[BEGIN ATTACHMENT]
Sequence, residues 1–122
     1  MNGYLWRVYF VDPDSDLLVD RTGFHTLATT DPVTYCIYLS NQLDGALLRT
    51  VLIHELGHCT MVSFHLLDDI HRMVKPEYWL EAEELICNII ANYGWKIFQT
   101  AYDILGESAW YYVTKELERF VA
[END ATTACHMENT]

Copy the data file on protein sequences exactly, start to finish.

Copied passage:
Sequence, residues 1–122
     1  MNGYLWRVYF VDPDSDLLVD RTGFHTLATT DPVTYCIYLS NQLDGALLRT
    51  VLIHELGHCT MVSFHLLDDI HRMVKPEYWL EAEELICNII ANYGWKIFQT
   101  AYDILGESAW YYVTKELERF VA